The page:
The popularity of matcha - finely powdered green tea - has been exploding not only in Japan but also overseas, thanks partly to traditional Japanese washoku cuisine's designation as a UNESCO intangible world heritage.
Sales of sweets and beverages containing matcha have been especially strong. The production volumes of tencha, the green tea leaves from which matcha is made, have also been rapidly rising.
Saryo is a purely Japanese-style teahouse operated by Ito En Ltd. in Haneda Airport's international passenger terminal. Every day since its opening in September last year, the cafe has been packed with foreign tourists, especially those from South Korea and China.
On days when business is particularly brisk, nearly 400 orders are placed for sweets with soft-serve ice cream containing matcha.
About 11,000 customers visited Saryo in January, about 20 per cent higher than the company's initial projection.
"Matcha is tasty," said a traveler from Hong Kong. "It's big in Hong Kong, too."
Officials of major discount store chain Don Quijote Co. said there have been many instances in which foreign customers bought entire crates of goods containing matcha, such as matcha-flavored chocolate confectionery.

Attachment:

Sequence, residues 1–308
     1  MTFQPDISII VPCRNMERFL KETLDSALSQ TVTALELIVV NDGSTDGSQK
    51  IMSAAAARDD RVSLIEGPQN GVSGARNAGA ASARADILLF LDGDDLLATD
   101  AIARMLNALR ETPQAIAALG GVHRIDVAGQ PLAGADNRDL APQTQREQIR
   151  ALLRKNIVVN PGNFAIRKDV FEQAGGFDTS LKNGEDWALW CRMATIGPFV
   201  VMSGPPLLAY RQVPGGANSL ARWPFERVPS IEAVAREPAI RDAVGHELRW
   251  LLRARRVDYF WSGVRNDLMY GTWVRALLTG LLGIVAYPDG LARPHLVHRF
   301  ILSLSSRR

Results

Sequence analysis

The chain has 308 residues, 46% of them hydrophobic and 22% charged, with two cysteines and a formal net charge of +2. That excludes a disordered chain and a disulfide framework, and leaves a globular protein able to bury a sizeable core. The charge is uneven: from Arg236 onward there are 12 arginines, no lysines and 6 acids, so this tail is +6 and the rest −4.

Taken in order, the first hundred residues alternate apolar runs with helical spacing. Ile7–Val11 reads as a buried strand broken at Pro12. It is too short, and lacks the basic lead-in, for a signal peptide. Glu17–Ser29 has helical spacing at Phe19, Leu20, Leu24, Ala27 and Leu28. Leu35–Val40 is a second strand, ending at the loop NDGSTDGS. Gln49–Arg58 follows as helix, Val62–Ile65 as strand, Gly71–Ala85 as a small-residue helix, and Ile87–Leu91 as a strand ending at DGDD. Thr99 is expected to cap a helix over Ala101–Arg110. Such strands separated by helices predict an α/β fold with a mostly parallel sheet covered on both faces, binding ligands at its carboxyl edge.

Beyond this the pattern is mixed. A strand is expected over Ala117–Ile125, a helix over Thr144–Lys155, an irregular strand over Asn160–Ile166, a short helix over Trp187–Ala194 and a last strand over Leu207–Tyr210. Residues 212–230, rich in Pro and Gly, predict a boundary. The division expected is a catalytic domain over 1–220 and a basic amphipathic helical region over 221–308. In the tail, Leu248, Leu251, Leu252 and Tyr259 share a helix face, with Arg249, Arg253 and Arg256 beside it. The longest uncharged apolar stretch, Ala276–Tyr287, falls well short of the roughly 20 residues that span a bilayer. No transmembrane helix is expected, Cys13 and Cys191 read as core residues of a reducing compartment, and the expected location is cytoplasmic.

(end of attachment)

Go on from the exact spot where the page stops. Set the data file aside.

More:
"Matcha is being recognised as a Japanese specialty, and its reputation overseas is growing," said an official of the company.
In Thailand, word has been spreading about Chaho, a matcha cafe chain operated there by Nakamura Chaho, a 131-year-old company based in Matsue.
At two Chaho store locations in Bangkok, many customers have expressed the wish to learn more about how to drink and prepare matcha.
Matcha is made from tencha leaves, which are ground into a fine powder using milling tools.
In fiscal 2013, 1,164 tons of tencha was produced in Kyoto Prefecture, the nation's largest producer of tencha, up about 50 per cent from the previous two years. Other such sites across the nation have seen similar trends.
The government aims to double the export value of Japanese tea products, including matcha, to 15 billion yen (S$171 million) in 2020. The matcha boom is seen as likely to continue for the time being.
However, tencha requires strict quality control and its mass production is difficult. If the demand for matcha keeps growing, prices could surge.